Qatar, Al Baker appear to be descending towards the core of a black hole. Whilst there are paint issues with other users a more rational resolution to the problem has been adopted. Indeed, think back to the beginning of the Covid crisis, I recall Al Baker telling anyone who would listen that the air-framers would have to delay delivery and reduce costs, it seems they don’t.
    Airbus are confident with the case , their legal advisers are confident, unless I’m fundamentally missing something Qatar are creating for themselves an almost impossible stage on which to do business, something has to go pop soon.

  8. Leigh Gold

    It's a shame it's come to this, but seemed inevitable given the hard positions taken on both sides, particularly Qatar/Qatar Civil Aviation Authority.

    As for the 737, just looked at the nearby FlyDubai route network, and the aircraft is capable to fly the targeted routes from Doha that QR would have prioritized with the 321.

    As for the 787, in first appearance it would look like Boeing is in the drivers seat. However, two...

    It's a shame it's come to this, but seemed inevitable given the hard positions taken on both sides, particularly Qatar/Qatar Civil Aviation Authority.

    As for the 737, just looked at the nearby FlyDubai route network, and the aircraft is capable to fly the targeted routes from Doha that QR would have prioritized with the 321.

    As for the 787, in first appearance it would look like Boeing is in the drivers seat. However, two things make me think it's not that clean cut: 1) while being able to generate a premium in the negotiation, it's still in the interest for Boeing to not milk it, and they will accept a small premium for the sake of overall revenue, maximizing QR orders, industry market share and prestige, and 2) as QR has equity in other airlines (BA first comes to mind with 787 commonality), QR does the potential to leverage bulk 787 orders with other partner airlines. Admittedly, just speculation.

    1. Arun Guest

      When regulators become puppet to the very airlines it is supposed to regulate and become a caged parrot such things are bound to happen

  9. Malcolm Guest

    I saw an interview with Bakr on BBC World business today from Farnborough. When asked whether he saw Qatar's future with Boeing or Airbus he answered "Boeing!" and then repeated his allegations against Airbus. You have the feeling we haven't heard the full story. Why he's ripped so publicly into Airbus? Presumably harsh words were exchanged behind the scenes and Airbus decided it was a lost cause and could find other customers to take them....

    I saw an interview with Bakr on BBC World business today from Farnborough. When asked whether he saw Qatar's future with Boeing or Airbus he answered "Boeing!" and then repeated his allegations against Airbus. You have the feeling we haven't heard the full story. Why he's ripped so publicly into Airbus? Presumably harsh words were exchanged behind the scenes and Airbus decided it was a lost cause and could find other customers to take them.

    It takes a lot for an airline to alienate a manufacturer and Bakr doesn't come over as the most diplomatic or tactful person. When asked about Qatar's treatment of migrant workers, he dismissed it as a campaign against Qatar!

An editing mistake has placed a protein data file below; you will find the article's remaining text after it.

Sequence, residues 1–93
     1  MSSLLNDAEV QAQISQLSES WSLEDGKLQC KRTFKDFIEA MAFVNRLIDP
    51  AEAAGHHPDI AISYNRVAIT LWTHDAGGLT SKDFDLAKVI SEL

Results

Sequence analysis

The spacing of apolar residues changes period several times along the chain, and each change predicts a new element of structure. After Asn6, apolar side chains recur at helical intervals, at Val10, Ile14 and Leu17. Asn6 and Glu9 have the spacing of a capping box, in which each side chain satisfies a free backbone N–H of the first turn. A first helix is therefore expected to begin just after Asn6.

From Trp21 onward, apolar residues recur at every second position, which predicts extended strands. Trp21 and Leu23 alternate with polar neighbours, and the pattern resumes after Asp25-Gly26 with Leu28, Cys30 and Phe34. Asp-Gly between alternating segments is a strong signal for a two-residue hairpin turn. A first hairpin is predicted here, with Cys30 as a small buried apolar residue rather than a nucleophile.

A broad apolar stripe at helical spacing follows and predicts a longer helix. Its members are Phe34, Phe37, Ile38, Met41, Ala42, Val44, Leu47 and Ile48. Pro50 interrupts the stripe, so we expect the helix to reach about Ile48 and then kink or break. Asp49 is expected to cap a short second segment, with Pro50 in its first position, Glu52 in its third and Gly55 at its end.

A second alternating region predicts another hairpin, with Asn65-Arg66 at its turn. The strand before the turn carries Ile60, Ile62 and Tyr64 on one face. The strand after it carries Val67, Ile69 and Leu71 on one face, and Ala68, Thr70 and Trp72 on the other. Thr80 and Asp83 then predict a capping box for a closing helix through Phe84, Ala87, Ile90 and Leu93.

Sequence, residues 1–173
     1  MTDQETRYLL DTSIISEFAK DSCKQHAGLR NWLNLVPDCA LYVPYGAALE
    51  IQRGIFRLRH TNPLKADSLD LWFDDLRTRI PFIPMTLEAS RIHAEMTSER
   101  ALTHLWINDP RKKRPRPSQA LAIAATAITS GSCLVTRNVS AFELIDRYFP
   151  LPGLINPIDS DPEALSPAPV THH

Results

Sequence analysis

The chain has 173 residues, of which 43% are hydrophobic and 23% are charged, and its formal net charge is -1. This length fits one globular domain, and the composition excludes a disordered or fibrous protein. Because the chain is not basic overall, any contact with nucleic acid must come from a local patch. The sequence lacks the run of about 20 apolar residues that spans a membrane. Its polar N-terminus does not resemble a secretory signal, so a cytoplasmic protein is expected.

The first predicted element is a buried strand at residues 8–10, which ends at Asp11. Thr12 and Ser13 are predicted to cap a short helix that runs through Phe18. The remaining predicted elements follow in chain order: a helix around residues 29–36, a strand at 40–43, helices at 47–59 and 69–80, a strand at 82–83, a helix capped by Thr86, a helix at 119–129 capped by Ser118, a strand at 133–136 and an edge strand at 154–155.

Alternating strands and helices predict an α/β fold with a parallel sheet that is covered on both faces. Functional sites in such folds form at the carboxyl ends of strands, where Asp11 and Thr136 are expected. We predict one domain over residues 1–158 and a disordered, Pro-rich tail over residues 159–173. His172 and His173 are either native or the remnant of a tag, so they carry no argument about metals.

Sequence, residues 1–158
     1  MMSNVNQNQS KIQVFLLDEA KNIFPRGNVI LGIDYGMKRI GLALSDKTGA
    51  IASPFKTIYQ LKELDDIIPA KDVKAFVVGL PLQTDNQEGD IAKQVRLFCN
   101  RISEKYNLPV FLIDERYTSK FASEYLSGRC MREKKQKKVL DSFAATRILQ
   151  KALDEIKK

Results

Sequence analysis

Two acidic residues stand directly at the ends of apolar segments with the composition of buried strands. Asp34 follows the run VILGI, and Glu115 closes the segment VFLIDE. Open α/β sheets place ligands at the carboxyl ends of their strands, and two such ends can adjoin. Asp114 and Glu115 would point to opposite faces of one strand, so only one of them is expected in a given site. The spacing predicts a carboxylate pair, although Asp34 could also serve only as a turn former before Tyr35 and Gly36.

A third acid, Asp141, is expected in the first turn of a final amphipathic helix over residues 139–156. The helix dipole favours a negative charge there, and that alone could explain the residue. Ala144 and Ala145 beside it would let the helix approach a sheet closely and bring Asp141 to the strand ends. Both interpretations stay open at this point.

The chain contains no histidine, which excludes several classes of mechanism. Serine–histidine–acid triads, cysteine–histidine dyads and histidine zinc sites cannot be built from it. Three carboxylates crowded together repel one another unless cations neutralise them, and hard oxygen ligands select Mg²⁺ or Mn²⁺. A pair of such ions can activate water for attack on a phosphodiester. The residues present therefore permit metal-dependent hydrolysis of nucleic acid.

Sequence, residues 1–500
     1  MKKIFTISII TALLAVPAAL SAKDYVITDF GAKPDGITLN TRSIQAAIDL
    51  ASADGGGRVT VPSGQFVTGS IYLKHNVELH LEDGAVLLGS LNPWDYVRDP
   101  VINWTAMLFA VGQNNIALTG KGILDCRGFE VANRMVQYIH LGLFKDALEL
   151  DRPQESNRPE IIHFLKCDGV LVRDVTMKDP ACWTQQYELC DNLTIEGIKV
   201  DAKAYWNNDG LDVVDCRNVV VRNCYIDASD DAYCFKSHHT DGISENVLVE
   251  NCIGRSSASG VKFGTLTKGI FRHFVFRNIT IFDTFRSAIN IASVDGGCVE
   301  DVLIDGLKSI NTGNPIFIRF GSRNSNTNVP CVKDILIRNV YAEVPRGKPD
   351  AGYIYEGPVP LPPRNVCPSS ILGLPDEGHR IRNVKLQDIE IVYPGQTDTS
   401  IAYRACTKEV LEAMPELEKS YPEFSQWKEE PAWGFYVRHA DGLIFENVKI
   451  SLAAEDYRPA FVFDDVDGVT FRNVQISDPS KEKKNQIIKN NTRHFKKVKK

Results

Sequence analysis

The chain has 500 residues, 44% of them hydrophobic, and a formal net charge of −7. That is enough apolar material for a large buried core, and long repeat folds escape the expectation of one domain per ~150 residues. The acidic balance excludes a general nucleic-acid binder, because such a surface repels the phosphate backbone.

1. Rotuma Member

      In the past he complained vigorously about Boeing, hoping to get some concessions. Apparently the thinking is, “If I loudly complain about your product, you’ll be ashamed and offer me a discount.” He refused to let Cargolux take delivery on time of the new 747-8 freighter years ago. QA was a significant shareholder of Cargolux at the time.

    2. Arun Guest

      Bakr is a cry baby he is cornered now it is all the karma coming back professional MBA in Boeing will milk him now

  10. Hugh Guest

    It is a pity, Qatar is missing out on a great airliner. One would expect this could have been resolved .

  11. Mindshare Guest

    You buy a Tesla...and paint and outer layer cracks.... imagine liability for Tesla in American courts !!!

  12. Andy Diamond

    It seems that Airbus if pretty self-confident winning the court case. Because if it looses, the potential compensation they will have to pay can be enormous. As big that it bankrupts Airbus and the European governments will have to rescue them. This would bring the entire case to a new level, given that the EU governments are asking the State of Qatar to deliver more gas ...

    1. Tim Dunn Diamond

      Airbus has already won the legal case. They do not have to provide aircraft to parties that do not pay for them. Qatar has refused to accept delivery of new aircraft which means that Qatar, not Airbus, breached the contract.
      It is entirely possible that is what Qatar wanted. Airbus will have to figure out how to redeploy aircraft it has built or has committed to build for QR but both parties are better...

      Airbus has already won the legal case. They do not have to provide aircraft to parties that do not pay for them. Qatar has refused to accept delivery of new aircraft which means that Qatar, not Airbus, breached the contract.